At this precise juncture – with crowd in a seething uproar, drums reaching a crescendo, Hector masks waving frantically and frontman standing before his subjects, replete with billowing flag – Hector Bizerk feel like an act that long ago outgrew this size of venue and have merely returned to pay homage to their humble beginnings.

The conduct of the performers and response of the crowd make tonight feel like the inauguration of Louie and Audrey as bona fide superstars and it would be easy to attribute this boost in confidence and fan loyalty to their recent high-profile support slots and festival appearances. However, to do so would be to take away from how tirelessly the pair have worked to get to where they are. The Hector Bizerk legend has been built through their own sweat, toil and dedication and tonight sees that legend take the headlining slot it rightfully deserves.

Perhaps the most telling moment of the evening, in this respect, comes with the line “we like yer tunes but you sound like a ned” in the track entitled Niche II. Back when the twosome were starting out, this seemed a candidly astute observation of their biggest hurdle. Now, however, it seems like a whimsical throwback to an obstacle that’s been brutally kicked to pieces and then smashed in the chops with a Bucky bottle for good measure.

Listen to Drums. Rap. Yes.

Hector Bizerk on Facebook

First impressions of tonight’s headliners having been derived entirely from the experience of listening to their track Cynthia on a late-night drive home from a gig in Pivo Pivo, during which the atmospherics of the music seemed to perfectly tie in with the passing darkened scenery, a very high level of expectation has already been cemented.

With this in mind, there lingers the consequent concern that the live performance simply won’t be able to live up to this pre-set standard and said fear isn’t at all abated by the levels of hype that have quickly built up around the instrumental output of the post-rock four-piece.

In recent months, Vasa have been hotly tipped as ones to watch, but seemingly only in more involved musical circles. As a result, the boys seem to be the generators of a subtler buzz than others in the Overlook stable, coming across as something of the connoisseur’s choice of Glasgow Indie.

As bassist John, drummer Alex and guitarists Blaine and Scott ready themselves to perform, one microphone stand remains conspicuously on the stage. Presumably, this is intended to be used for nothing past introductions, between-song banter and pleasantries. These early gigs might, however, posit a stronger statement of intent and exude a higher level of confidence in their set-up if the idea of on-stage mics was dispensed with entirely.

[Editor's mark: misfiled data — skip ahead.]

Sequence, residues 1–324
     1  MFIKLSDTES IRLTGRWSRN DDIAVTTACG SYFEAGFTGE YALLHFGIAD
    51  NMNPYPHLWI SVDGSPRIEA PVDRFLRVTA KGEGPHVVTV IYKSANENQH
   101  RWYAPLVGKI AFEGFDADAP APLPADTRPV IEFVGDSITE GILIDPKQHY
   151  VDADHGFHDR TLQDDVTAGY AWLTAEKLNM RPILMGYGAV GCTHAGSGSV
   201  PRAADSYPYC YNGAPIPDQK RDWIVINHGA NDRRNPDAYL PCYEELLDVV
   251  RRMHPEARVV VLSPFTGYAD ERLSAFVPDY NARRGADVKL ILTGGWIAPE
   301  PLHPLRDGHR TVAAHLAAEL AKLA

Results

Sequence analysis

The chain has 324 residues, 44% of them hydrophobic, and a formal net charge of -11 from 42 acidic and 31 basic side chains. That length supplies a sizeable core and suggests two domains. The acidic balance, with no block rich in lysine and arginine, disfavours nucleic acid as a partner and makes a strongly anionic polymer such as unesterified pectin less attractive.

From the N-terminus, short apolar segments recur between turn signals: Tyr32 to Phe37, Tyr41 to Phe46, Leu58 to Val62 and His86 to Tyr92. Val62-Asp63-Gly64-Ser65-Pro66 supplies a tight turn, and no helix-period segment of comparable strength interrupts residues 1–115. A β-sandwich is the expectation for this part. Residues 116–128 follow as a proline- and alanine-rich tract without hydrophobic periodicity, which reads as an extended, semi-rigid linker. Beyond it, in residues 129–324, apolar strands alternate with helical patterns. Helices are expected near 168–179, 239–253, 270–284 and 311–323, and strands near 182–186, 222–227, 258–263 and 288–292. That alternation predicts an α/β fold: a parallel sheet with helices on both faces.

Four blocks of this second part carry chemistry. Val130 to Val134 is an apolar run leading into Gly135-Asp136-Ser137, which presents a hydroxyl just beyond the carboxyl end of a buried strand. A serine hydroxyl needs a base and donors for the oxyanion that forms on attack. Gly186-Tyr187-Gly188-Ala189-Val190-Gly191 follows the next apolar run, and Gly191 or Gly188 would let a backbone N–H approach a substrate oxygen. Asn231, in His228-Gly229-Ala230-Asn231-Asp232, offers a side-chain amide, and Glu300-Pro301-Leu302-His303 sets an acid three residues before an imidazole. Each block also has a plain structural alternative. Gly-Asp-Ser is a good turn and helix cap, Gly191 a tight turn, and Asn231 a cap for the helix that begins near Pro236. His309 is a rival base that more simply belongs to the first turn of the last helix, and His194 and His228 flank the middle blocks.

Of course, the accuracy of such a musing remains to be seen…

Without an introduction, Vasa spark up their set and instantly succeed in establishing both a mellow tone and an atmosphere that seems to simmer with a sort of expert restraint, subtly suggesting the deluges of distortion that will soon flood forth. The ability to create an engaging atmosphere is, of course, something a strictly instrumental band could not possibly survive without and, although this first song holds the small crowd enraptured, there is the distinct impression that the absence of vocal hooks and post-10pm stage-slot on a Thursday night (the spiritual start of the Scottish weekend) mean they will have to pull something else out of the bag pretty soon.

Happily, they soon do just that as they lead wordlessly into a second song that eviscerates the previously mellow vibe with a veritable crash of sheer noise and lighting-rig insanity, which lasts just long enough to assert that this is not a set during which to rest on laurels, before the onlookers are just as abruptly lulled back into a calm slumber-like state.

This same transition is soon orchestrated again, as The Art School is pulled gradually but assuredly into a particularly grungy segment which soon sees eardrums assailed by guitars that whistle maliciously and seem to goad those gathered into downing the remainder of their drinks and crusading deeper towards the front of the crowd.

The next song is vocally introduced and, as predicted, this undeniably acts as an unfortunate detraction from the hitherto established mystique. As if in a conscious effort to counter this, however, the songs have been becoming gradually more atmospheric – undeniably aided by the simplistic yet striking lighting dynamics – and cavernous venue.

At one point in the proceedings, the drummer sees fit to dispose of enough garments to facilitate a scenario where each enthusiastic drumbeat threatens to set chebs a-shoogle and each break in rhythmic proceedings grants the opportunity to flex and set the ladies’ pulses a-quiver. Although this noticeably contrasts with the plaid-shirt and sensible t-shirt aesthetics of his bandmates, it serves as a gentle but decisive nod towards a rockstar mindset. This is echoed when the last song sees one of the guitarists abandoning the stage and backing a determined path through the small crowd, thereby exploiting a renowned Sixteen Sixteen Six soft spot and certifying a positive response with regards to Vasa’s capacity for showmanship.